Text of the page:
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Has the cigarette industry lost its puff?

Mar 11, 2013

About the Industry

The cigarette industry in India is dominated by ITC, Godfrey Phillips India (GPI) and VST Industries. The three companies together accounts for more than 90% of the total market. ITC is the market leader with an 80% market share followed by Godfrey Phillips having share of 12.5%.

The entry barriers in the industry are high. New manufacturing licenses for cigarette are no longer issued by the government. This along with a ban on Foreign Direct Investment (FDI) shields the industry from any new competition. The cigarette industry is not constrained by capacities as utilization of the top four companies remains equal to or below 50%. Foreign cigarette companies have significant market shares in domestic companies. British American Tobacco (BAT) holds stakes of over 30% in each of ITC and VST Industries and Phillips Morris has a 25% shareholding in Godfrey Phillips.

Regulatory Regime

The cigarette industry faces discriminatory taxation. Though cigarettes account for only 15% of the total tobacco consumption (including non-smoking forms such as bidi, gutkha, khaini and zarda), it contributes over 74% in the form of tax revenues. Excise duty on cigarettes is more than 50% of its selling price. The cigarette industry is subject to frequent revision in excise duty as well as differential VAT rates in various states. A plethora of 29 different tax rates are applicable on cigarettes across states in India. This has compelled manufacturers to adopt state specific pricing. Multiple tax rates will continue until the Goods and Services Tax (GST) comes into force.

In the Union Budget 2012, the excise duty on cigarettes (< 65 mm length) was raised by 22% through an ad valorem duty of 10% on existing specific rates. As the ad valorem duty is chargeable on 50% of the retail sale price, it has reduced pricing flexibility of companies to some extent. In the Union Budget 2013, the specific excise duty was raised further by 18%.

There has been a shift towards a strict regulatory regime for cigarettes. Uttar Pradesh has raised VAT rates from 17.5% to 50%. And other states like Kerala and Karnataka have followed suit. In the wake of ban on chewing tobacco in 16 states, state governments may be forced to raise taxes further to make up for the revenue loss. This can indirectly impact the industry in the long run.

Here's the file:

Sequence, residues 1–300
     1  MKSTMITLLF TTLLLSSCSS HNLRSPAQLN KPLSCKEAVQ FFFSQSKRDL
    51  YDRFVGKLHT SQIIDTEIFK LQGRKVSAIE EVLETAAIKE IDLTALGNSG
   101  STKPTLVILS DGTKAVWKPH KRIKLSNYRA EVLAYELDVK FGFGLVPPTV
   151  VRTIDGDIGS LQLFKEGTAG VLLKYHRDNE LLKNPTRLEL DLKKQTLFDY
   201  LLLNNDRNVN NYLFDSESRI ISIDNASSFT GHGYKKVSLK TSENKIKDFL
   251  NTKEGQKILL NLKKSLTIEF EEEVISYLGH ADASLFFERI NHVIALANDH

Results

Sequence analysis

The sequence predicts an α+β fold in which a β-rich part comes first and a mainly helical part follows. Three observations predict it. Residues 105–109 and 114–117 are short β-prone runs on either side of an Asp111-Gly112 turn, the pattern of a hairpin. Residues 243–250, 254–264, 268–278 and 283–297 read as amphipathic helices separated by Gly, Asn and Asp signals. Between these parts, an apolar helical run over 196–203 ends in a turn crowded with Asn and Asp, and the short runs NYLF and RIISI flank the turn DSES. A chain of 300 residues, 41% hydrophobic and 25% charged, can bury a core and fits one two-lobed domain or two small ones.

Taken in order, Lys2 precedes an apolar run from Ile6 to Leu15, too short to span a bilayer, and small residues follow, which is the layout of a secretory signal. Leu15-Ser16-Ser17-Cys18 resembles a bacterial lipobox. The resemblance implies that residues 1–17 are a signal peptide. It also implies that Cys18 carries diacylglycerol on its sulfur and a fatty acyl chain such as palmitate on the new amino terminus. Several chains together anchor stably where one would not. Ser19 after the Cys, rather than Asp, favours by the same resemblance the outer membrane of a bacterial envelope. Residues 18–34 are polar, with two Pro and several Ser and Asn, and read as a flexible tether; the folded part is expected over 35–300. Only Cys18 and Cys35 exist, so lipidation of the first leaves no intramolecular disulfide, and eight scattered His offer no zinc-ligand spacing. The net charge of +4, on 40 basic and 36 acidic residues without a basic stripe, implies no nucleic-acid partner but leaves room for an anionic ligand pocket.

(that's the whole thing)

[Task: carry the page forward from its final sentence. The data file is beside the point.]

The cigarette industry is in the eye of a storm. In such a tough environment, are cigarette stocks still worth investing?

Among cigarette companies, ITC has a pan-India presence and sustainable pricing power. ITC's brands Navy Cut, Wills Classic and Gold Flake occupy the premium segment imparting it higher pricing power. On the other hand, GPI's cigarette brands namely Four Square, Red & White and Cavenders lie in the mid-price segment. GPI has a strong presence in the northern and western markets. The company has been striving to widen reach in the eastern and southern markets in the face of resistance from ITC. Thus GPI's pricing power remains limited.

ITC recorded a 21% jump in profits during 9mFY13. However, GPI saw its profits slump by the same magnitude. For ITC, the cigarettes division contributes around 70% to overall sales. This division posted a 20% rise in EBIT earnings as volumes grew in single-digits despite a 11% increase in price during 9mFY13. On the other hand, GPI's cigarette volumes were hit by a 30% hike in price. It is to be noted that GPI depends heavily on cigarettes with around 90% of its sales coming from this segment.

Apart from weak pricing power, GPI lags on the profitability front also. The company earns the lowest margin due to high advertisement & promotional spends. At 10%, GPI's profit margin is less than half of ITC and VST Industries. Going forward, promotional expenses are expected to remain high as the company continues to expand reach. Even depreciation charges will remain high due to commissioning of new capacities. Therefore judging by pricing power and profitability, ITC is much better placed to tide the tough environment.

Conclusion

The cigarette industry is facing headwinds on the regulatory front. The excise duty has been increased in the last two years. Even states are raising VAT rates on cigarettes. Companies are hiking cigarette prices to pass on the higher burden. While this may impact offtake of low priced cigarettes, the premium end is likely to remain unaffected as cigarettes are addictive by nature. Moreover, as more states ban chewing tobacco, the switchover is likely to benefit the entry level cigarette segment (< 65 mm).

As per markets however, they seem to be tilting more towards ITC. This is perhaps the right thing to do as it is always better to invest in the leader unless valuations for number two and three aren't very compelling. But this does not seem to be the case right now.

Madhu Gupta

Madhu Gupta (Research Analyst), ValuePro has a post graduate degree in both physics and finance. Having worked with India's leading economic research agency, she has a natural flair for numbers and analytics. She brings with her a near-decade long rich experience in the field of finance. A firm believer of the principles of value investing, she looks for robust businesses with durable competitive advantages.


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